After a run of some popular basic hand papermaking classes at the AS220 Print Shop, a sculptural papermaking class seemed to make sense. Pulp painting is fantastic, but so is taking advantage of the artistic potential of paper to be three-dimensional. Working with paper pulp or freshly formed, wet sheets opens up a world of sculptural techniques that utilize how wet paper sheets dry and the remarkable memory that paper fibers have. Lindsey Beal and I had a great time showing a range of sculptural techniques in this debut class. Check out some photos from the workshop!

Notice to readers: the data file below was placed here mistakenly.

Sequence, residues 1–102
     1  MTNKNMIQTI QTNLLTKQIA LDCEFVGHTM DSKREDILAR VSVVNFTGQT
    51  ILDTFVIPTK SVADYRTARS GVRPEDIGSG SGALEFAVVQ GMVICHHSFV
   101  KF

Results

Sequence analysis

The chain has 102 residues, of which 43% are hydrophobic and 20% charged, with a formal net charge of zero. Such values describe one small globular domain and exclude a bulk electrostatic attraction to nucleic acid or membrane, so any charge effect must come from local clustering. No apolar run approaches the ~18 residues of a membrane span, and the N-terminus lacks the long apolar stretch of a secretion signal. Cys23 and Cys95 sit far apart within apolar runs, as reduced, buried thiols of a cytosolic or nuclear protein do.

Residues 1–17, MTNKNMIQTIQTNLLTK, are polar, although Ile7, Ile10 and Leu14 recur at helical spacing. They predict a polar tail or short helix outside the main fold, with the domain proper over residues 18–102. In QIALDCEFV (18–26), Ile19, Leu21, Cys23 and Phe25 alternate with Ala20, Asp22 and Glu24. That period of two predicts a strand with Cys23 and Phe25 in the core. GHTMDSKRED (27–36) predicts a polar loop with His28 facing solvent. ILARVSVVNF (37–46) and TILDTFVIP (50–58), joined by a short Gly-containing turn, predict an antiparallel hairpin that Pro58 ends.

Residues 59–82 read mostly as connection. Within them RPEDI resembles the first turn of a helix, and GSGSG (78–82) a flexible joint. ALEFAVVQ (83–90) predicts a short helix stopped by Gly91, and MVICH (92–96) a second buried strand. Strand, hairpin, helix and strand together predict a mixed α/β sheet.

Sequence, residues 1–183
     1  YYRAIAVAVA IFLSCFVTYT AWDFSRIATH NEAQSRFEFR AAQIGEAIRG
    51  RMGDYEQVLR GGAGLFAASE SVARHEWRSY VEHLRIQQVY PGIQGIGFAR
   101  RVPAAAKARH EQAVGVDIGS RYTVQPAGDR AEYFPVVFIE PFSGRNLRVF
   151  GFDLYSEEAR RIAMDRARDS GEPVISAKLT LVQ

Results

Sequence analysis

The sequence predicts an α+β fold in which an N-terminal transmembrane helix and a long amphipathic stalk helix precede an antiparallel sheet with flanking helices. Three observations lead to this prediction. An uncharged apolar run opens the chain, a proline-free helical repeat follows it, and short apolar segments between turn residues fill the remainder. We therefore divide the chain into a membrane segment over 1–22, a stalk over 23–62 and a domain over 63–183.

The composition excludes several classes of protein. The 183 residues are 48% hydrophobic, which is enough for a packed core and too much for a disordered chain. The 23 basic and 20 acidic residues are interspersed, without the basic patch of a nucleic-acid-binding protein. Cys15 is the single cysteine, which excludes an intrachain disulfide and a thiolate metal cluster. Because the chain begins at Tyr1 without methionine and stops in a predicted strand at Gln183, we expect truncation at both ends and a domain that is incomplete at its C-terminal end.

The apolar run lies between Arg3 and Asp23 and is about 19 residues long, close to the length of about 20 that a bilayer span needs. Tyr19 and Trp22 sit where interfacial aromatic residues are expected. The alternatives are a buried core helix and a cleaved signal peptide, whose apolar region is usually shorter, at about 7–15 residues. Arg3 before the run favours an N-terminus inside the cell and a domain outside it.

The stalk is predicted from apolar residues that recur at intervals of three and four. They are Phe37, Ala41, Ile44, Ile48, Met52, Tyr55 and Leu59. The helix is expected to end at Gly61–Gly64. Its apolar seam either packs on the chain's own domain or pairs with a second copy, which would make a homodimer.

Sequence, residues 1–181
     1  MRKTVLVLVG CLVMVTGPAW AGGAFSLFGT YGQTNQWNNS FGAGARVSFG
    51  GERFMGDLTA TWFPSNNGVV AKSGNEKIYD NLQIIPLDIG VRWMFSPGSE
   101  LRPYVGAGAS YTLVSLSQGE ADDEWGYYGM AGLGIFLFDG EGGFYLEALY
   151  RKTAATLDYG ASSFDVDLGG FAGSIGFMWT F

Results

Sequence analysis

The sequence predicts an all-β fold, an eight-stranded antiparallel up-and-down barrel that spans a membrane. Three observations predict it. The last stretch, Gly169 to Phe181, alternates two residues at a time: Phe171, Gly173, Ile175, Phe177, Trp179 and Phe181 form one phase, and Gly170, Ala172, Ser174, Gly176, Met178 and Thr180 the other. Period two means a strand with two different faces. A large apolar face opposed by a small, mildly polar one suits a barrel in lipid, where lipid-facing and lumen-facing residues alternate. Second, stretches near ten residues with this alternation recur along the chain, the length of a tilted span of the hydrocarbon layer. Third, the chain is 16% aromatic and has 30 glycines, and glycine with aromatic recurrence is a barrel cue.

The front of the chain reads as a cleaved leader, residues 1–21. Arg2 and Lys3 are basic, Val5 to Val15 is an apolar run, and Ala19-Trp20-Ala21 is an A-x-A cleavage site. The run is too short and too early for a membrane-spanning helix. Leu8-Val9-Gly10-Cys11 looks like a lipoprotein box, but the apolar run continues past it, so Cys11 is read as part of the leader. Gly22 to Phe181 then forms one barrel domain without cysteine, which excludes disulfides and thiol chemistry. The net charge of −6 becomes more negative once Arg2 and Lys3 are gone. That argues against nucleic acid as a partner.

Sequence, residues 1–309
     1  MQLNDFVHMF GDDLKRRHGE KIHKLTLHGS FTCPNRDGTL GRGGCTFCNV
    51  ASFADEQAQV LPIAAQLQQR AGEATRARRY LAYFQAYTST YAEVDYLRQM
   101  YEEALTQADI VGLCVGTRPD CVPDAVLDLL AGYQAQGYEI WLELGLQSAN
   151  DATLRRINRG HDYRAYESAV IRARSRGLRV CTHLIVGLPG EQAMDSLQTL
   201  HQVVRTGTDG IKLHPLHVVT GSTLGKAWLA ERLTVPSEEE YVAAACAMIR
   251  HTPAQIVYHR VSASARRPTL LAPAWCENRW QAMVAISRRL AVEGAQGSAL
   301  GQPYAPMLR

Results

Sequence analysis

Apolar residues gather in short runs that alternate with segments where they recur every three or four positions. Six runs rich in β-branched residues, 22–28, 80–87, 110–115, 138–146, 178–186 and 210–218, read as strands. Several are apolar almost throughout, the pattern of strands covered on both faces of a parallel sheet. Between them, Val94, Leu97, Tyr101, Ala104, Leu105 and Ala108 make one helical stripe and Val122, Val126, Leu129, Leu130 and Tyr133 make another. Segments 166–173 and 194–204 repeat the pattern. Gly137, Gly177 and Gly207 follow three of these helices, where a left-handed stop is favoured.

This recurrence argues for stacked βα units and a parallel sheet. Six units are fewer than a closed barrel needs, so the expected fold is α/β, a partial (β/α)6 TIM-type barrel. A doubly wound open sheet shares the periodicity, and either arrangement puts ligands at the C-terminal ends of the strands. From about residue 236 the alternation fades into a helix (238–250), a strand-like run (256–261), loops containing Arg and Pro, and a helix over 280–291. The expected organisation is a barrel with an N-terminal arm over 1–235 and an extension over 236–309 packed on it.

Recycled paper pulps or cotton fiber pulp can be packed into moulds, or even found objects with interesting dimensional shapes. Sheet formation action with a deckle box and high-shrinkage abaca pulp. After you form a few wet sheets of handmade paper, you can overlap them and cover objects with them. In this case, a Nissan hubcap (so awesome). Just make sure to apply a release agent before covering, such as cooking spray or vaseline. Leave the paper on the object to dry, and remove. You can also completely cover interesting objects, like this great bone. Once the paper is dry, use an x-acto knife and carefully cut the paper around the object in half. Glue back together with archival glue or methocellulose glue, using extra dry paper to patch it together. An example of Lindsey Beal’s sculptural paper work. Beautiful! Paper pulp has fibers that can cling to string, wire, reeds or sticks, or even chicken wire and hardwire cloth. The result is a textured coating over your wire or string. Hang to dry, or play with overlapping multiple strings over forms. Another techniques is to make an armature from reed, bamboo, or wire. Form sheets and press lightly. Lift the paper sheet and drape over sections of your sculpture. Press and pinch the paper over the wire. You may also use a bit of glue to strengthen the bond. Stockings/leggings stuffed with perlite (gardening section) and tied off with string outside the form can be a type of removable armature. Wrap the form with wet sheets, making sure not to cover the string tie-off, leaving enough of a hole to untie the string and for the perlite to empty out with the paper is dry. Below is a dry example. I’ve shown just a few sculptural papermaking techniques here. There are many, many more ways artists are experimenting with the dimensional possibilities within the process of hand papermaking. Check out my Pinterest board for more examples and artists who make amazing sculptural paper work.